By Edward Burnette 

One last time, the “Hayward Magic” that so many fans have loved to speak of ever since the days of Prefontaine delivered yet another sensational end to a track meet.

USC won the 4 x 400-meter relay in a time of 3 minutes, 27.06 seconds this Saturday in Eugene at the NCAA Outdoor Track and Field Championship and won the team title by one point over Georgia. Kyra Constantine ran first for USC, with Anna Cockrell, Deanna Hill and Kendall Ellis following in order.

USC needed to win the relay to win the team title. The Trojans entered with 43 points, nine behind Georgia, which had 52 and was not entered in the in the relay, and a victory was worth 10 team points.

After three laps, Purdue and Oregon led the way with USC running in third. Purdue lengthened its lead going into the final exchange as Hill and the anchor, Ellis, struggled to pass off the baton on their first try.

“I passed it off. She didn’t take it the first time,” said Hill. “The second time she put her hand out, I gave it to her. Two stabs and we got it.”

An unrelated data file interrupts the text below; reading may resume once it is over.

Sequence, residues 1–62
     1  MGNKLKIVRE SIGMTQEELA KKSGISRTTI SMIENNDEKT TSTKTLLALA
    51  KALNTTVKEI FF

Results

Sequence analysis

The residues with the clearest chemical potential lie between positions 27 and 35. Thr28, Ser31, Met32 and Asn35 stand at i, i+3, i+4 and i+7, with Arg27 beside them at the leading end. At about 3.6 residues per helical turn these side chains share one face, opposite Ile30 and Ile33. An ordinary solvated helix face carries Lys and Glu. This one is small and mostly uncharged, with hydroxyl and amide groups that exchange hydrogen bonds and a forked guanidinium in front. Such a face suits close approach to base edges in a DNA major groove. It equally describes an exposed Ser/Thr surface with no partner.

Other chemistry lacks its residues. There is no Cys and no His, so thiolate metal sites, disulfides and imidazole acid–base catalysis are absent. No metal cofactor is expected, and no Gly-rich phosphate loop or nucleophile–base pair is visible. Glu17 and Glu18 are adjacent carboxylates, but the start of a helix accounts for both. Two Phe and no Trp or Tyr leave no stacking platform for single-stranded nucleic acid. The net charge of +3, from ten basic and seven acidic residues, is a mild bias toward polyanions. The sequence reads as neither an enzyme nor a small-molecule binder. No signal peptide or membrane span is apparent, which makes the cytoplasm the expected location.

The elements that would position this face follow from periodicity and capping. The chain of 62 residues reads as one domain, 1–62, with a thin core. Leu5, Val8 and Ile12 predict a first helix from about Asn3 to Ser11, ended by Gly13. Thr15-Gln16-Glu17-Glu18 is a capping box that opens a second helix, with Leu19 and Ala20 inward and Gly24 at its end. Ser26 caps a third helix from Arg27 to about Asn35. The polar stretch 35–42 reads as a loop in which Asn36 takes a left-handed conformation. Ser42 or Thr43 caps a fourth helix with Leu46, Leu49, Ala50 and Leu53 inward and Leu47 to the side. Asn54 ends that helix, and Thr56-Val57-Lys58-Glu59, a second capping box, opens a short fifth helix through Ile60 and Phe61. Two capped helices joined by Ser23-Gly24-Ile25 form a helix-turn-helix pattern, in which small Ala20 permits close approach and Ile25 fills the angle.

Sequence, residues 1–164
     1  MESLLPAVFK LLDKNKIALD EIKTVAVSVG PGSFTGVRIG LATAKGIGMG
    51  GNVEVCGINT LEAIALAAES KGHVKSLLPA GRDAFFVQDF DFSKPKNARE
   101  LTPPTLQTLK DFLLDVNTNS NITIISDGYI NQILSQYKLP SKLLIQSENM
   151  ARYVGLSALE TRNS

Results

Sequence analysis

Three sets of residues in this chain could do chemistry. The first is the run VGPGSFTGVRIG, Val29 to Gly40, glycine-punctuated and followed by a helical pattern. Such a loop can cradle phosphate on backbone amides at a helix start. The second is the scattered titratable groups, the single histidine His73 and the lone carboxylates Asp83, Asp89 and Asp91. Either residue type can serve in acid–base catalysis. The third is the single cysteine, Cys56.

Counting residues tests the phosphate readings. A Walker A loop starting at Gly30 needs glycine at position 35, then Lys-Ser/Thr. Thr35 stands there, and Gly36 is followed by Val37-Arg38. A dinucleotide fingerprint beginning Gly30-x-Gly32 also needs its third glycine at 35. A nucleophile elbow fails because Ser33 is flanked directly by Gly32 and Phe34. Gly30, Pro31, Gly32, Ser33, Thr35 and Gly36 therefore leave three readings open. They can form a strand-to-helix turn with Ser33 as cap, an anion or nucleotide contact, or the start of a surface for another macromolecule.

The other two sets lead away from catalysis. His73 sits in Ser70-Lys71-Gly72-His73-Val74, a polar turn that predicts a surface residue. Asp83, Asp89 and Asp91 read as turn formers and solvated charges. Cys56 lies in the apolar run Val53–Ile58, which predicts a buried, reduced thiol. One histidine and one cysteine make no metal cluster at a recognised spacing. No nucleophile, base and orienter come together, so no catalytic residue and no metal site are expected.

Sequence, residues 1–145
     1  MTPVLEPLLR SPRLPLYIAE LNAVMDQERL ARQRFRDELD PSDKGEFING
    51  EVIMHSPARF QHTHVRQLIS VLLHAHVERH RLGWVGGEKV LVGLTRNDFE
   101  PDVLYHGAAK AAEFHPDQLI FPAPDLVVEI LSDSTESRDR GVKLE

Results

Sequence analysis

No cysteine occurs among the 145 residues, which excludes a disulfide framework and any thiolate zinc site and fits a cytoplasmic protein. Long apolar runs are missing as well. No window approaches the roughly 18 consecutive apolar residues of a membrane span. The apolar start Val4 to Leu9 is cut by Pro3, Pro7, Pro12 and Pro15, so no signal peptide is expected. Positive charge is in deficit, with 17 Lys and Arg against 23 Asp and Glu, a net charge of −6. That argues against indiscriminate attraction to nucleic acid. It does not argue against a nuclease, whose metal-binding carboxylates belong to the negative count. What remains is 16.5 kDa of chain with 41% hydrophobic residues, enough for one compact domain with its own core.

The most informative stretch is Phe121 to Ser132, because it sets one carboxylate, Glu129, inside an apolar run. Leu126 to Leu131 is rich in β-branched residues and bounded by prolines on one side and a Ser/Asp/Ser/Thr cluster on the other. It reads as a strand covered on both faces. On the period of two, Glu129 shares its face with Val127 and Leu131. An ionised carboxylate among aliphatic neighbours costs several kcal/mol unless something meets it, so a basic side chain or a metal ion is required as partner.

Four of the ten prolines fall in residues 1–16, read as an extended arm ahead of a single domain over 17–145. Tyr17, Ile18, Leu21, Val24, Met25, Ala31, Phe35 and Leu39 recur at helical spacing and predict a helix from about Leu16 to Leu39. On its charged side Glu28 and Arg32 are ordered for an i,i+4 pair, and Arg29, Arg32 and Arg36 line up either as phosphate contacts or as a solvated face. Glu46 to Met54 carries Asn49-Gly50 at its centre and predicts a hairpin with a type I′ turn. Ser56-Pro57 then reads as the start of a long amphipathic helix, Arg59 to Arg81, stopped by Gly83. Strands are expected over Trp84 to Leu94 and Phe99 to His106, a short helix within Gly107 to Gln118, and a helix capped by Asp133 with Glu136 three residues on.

As the crowd collectively rose to its feet, cheering the runners on during the final stretch, Ellis began to close the 10-meter gap. “Coach (Quincy) Watts told me, ‘If there’s a 10-meter gap, you can close it.’ And even if it was 20 meters, it doesn’t matter,” said Ellis. “My goal, in my mind, was to get my team the win.”

Ellis caught Purdue’s anchor, Jahneya Mitchell, within the last five meters to claim the win and the overall title. She ran the final 400 meters in 50.05.

In the final race at both Hayward, and the final race of both Ellis’ and Hill’s collegiate careers, an NCAA championship was the only thing on the runners’ minds.

“It was knowing how close we were to a team title, knowing that if we won the 4×4, we’d win it all,” said Ellis.  “So that was the motivation. This is me and Deanna’s senior year, and we wanted to go out national champions.”

Last year’s 4 x 400 women’s race came down to the final meters as well, with Raevyn Rodgers of Oregon claiming the title and the Triple Crown for Oregon in a collegiate and Hayward Field record of 3:23.12. USC finished in second in 2017, with LSU rounding out the podium.

Even with a less than perfect baton exchange, the USC runners never lost faith in Ellis and their ability to win the title. “I knew she had it,” said Cockrell. “There was no doubt in my mind that Kendall was going to win it.”

The winning relay team slowly jogged its victory lap around Hayward Field as the fans, many of who remained in their seats, cheered on.

“These last two days at Hayward Field, at this version of Hayward field, was all about the Trojans,” said Cockrell.